For the mother of taxi driver Zola Tongo the extradition battle being waged by the man accused of luring her son into a murder plot is a low priority.
For the mother of taxi driver Zola Tongo, serving 18 years in jail for his part in the killing of Swedish bride Anni Dewani, the extradition battle being waged by the man accused of luring her son into a murder plot is a low priority.
Finding the money for transport to visit him in the rural Malmesbury Prison is Liziwe Tongo’s major concern. “Zola is allowed three visits a month and I have been going to see him. He is doing well,” she said.
Asked how she felt about the extradition hearing at which Dewani was scheduled to appear in London, she said she had not been following the story. The hearing was postponed on Thursday to February 8 because Dewani was ill, the City of Westminster Magistrate’s Court in London ruled.
The news will disappoint South African authorities, who are hoping for the extradition of Dewani to be expedited quickly so that he can face trial for his alleged part in the murder of his bride in Gugulethu in November last year.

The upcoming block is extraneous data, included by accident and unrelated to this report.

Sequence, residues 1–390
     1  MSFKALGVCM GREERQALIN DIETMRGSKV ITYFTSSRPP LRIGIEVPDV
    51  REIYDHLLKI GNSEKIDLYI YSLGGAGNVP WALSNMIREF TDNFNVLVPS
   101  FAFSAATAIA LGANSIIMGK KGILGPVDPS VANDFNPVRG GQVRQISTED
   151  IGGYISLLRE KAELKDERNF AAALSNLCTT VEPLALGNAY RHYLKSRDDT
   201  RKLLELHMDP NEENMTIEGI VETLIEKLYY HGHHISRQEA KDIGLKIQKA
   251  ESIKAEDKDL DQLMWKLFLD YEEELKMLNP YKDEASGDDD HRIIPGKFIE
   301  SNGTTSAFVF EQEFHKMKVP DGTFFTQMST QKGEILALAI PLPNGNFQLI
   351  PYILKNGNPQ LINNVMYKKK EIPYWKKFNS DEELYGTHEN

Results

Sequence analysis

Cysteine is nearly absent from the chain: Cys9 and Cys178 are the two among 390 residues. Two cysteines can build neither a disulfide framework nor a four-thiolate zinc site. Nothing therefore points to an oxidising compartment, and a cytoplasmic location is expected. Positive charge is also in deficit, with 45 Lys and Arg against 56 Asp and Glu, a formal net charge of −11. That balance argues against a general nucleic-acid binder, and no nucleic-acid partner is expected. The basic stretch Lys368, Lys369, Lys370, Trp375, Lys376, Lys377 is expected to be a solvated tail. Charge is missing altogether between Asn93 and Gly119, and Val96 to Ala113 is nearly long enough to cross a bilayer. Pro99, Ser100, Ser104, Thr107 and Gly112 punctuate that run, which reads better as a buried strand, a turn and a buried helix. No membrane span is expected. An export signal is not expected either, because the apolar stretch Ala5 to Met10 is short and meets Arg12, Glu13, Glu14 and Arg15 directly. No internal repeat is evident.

As Dewani fights his extradition with a battalion of lawyers and public relations agents Liziwe Tongo is battling to come to terms with the fact that her 31-year-old son is now behind bars.
A lowly paid domestic worker who lives in the impoverished community of Mfuleni in Cape Town, Tongo has a hard life. Members of her family said they sometimes took food parcels to her to help her survive.
The baby-faced Zola used to assist his mother with money each month and had not been in trouble with the law before. A father of five, he claimed in his court statement that Dewani had asked him to take part in a fake hijacking and to arrange for the kidnapping and murder of his wife.
His mother was given no warning that her son would be sentenced and jailed last December in a plea and sentencing agreement he signed with the state for his part in the murder.
William da Grass, his lawyer, said that was the way he wanted it because he couldn’t face telling his family he would go to prison. He is likely to qualify for parole after nine to 12 years.
In London queries about Dewani’s no-show in court were dealt with by PR guru Max Clifford’s agency, which has gone to war in the press to try to prove his innocence.
“Yes, that’s right, he is too ill for court, but it is personal to discuss what’s wrong!” wrote spokesperson Denise Palmer-Davies in an email to the Mail & Guardian. The court heard that according to a psychiatrist Dewani had an acute stress disorder and a depressive adjustment disorder.
The extradition case will be formally opened on February 8, when chief magistrate Howard Riddle will decide whether Dewani should attend.